In a nutshell: While some of us were locked away binge-watching our favorite TV shows on Netflix, one security researcher was figuring out how to hack an iPhone without user interaction. He came up with a way to "inject" malicious code into an iOS kernel object using peer-to-peer WiFi. It requires no action on the user's part and is virtually undetectable.
Using about $100 worth of equipment that included a Raspberry Pi and some off-the-shelf WiFi adapters, Project Zero researcher Ian Beer developed an exploit that can highjack an iPhone over WiFi without the phone even being connected to a network. The attack requires no interaction on the part of the victim.
By broadcasting malicious WiFi packets, Beers could cause a buffer overflow in the AWDL driver. This fault, in turn, allowed him root access. The attack can work on one or even multiple iPhones simultaneously if they are within radio proximity. Even more astonishing, the exploit is "wormable," meaning that malware can be programmed to use the same attack vector to propagate from one nearby device to another.
"For 6 months of 2020, while locked down in the corner of my bedroom surrounded by my lovely, screaming children, I've been working on a magic spell of my own. No, sadly not an incantation to convince the kids to sleep in until 9am every morning, but instead a wormable radio-proximity exploit which allows me to gain complete control over any iPhone in my vicinity. View all the photos, read all the email, copy all the private messages and monitor everything which happens on there in real-time."
"This is a fantastic piece of work," Project Zero founder Chris Evans told Ars Technica. "It really is pretty serious. The fact you don't have to really interact with your phone for this to be set off on you is really quite scary. This attack is just you're walking along, the phone is in your pocket, and over WiFi someone just worms in with some dodgy WiFi packets."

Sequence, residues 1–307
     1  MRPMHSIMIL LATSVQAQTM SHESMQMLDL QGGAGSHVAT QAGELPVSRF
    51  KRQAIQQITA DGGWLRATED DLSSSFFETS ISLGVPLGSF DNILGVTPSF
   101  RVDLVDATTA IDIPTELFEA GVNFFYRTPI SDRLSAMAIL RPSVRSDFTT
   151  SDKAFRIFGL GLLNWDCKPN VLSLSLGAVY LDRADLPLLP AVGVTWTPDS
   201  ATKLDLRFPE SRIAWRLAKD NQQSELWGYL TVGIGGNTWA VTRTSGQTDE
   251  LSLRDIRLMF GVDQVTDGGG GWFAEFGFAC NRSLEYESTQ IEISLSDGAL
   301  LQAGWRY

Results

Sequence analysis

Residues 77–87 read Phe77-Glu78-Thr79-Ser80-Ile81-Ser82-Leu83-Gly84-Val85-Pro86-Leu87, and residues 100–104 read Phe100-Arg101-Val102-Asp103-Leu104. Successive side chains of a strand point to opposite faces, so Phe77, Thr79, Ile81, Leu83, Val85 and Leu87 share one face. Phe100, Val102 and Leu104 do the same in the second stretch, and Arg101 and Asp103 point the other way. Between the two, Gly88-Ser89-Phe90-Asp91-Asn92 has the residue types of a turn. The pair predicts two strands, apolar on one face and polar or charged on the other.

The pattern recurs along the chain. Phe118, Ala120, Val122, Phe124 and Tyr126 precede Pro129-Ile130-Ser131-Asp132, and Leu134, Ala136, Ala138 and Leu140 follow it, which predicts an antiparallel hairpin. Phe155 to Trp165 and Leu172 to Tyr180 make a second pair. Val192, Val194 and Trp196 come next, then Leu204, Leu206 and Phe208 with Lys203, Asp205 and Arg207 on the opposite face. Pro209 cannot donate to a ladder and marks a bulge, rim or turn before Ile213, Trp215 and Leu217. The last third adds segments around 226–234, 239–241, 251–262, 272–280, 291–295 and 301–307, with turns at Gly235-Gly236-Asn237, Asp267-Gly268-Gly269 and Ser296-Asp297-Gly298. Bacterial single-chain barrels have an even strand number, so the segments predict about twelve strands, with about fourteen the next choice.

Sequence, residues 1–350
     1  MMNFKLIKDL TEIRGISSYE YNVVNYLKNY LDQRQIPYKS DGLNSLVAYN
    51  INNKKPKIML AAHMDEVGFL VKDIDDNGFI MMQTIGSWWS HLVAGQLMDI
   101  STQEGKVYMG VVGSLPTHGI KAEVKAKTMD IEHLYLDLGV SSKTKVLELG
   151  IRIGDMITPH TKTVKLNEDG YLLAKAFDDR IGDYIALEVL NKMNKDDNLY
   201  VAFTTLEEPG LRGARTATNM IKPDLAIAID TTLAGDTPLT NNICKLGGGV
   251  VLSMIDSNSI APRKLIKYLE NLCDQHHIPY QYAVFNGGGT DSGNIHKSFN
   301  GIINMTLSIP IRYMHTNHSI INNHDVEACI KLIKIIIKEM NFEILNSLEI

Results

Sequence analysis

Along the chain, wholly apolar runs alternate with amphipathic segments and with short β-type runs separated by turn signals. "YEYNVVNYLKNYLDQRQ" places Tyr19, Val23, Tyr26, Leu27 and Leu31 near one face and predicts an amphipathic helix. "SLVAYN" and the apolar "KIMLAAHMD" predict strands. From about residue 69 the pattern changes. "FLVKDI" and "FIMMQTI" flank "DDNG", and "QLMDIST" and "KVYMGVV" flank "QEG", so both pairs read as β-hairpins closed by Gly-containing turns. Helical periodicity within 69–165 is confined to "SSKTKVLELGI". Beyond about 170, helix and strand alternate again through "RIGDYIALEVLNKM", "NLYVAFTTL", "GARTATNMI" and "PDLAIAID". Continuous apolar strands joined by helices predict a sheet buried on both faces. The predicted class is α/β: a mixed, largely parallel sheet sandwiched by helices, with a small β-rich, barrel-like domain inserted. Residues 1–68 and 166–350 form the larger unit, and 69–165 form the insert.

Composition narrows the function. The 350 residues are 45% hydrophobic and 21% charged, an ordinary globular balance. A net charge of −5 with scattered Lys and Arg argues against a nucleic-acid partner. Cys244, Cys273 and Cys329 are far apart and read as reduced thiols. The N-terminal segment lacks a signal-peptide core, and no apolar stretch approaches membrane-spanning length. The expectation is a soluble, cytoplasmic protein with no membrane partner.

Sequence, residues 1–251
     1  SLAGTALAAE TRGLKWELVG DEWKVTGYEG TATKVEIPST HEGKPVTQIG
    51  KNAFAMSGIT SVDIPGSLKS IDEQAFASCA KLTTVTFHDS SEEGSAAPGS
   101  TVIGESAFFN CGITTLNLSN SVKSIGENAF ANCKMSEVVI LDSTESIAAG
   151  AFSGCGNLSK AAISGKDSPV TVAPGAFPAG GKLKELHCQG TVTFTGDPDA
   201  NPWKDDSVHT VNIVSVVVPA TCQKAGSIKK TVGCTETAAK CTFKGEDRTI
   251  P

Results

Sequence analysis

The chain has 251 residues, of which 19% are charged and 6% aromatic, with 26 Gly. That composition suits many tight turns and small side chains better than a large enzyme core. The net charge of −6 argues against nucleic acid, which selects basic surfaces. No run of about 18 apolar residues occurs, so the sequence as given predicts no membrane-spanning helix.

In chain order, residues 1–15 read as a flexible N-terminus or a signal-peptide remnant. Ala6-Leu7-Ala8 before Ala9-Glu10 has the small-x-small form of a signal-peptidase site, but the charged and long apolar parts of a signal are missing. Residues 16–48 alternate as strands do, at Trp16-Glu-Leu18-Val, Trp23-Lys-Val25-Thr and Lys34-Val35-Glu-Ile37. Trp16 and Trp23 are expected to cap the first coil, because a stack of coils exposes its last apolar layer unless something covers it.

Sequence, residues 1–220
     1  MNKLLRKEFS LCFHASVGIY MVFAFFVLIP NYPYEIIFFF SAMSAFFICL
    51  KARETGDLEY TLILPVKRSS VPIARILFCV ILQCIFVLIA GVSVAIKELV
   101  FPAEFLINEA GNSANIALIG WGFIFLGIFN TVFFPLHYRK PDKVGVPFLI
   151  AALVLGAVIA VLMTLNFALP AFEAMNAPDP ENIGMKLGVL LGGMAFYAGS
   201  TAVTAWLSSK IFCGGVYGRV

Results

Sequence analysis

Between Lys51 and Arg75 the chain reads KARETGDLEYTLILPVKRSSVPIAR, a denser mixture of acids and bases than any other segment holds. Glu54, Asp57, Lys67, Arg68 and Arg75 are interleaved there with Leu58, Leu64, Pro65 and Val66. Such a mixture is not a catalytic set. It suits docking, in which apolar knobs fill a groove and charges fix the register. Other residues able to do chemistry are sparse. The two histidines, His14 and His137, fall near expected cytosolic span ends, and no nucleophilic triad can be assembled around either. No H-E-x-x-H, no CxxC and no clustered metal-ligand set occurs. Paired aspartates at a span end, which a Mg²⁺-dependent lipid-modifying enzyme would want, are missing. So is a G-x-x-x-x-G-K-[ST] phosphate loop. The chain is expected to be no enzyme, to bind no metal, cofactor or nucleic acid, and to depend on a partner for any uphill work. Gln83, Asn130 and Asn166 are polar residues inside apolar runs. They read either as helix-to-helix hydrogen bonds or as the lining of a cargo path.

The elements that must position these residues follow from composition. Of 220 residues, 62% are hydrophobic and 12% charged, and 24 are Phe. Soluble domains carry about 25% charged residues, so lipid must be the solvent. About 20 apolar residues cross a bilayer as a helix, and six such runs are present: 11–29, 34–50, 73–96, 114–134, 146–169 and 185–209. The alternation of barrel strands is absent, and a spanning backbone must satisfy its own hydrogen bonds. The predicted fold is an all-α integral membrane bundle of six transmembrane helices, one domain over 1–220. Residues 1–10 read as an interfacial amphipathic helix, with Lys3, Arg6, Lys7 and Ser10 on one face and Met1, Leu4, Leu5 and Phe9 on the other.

Beers posted a couple of demos to YouTube showing the exploit in action. The first (above) is a detailed and technical look at how the attack works against a single phone. The second (below) shows him shutting down 26 iPhones of various models all at once.
"There's something hauntingly beautiful watching all these iPhones die at slightly different times, as they get a WiFi broadcast packet of death," Evans tweeted.
What makes the exploit particularly frightening is that once the iPhone is compromised, the attacker has full access to it without the victim's knowledge. As long as the hacker does not do something that would alert the user, the phone will continue to operate normally.
Fortunately, there is little need to worry about encountering this exploit in the wild unless you have an older iPhone that cannot be updated to the latest versions of iOS. Beers informed Apple of the vulnerability, and developers pushed a patch way back in iOS 13.5.
If you are interested in the full technical details, Beers has a 30,000-word writeup on it posted to the Project Zero blog. It's a long but interesting read.
Image credit: Konstantin Savusia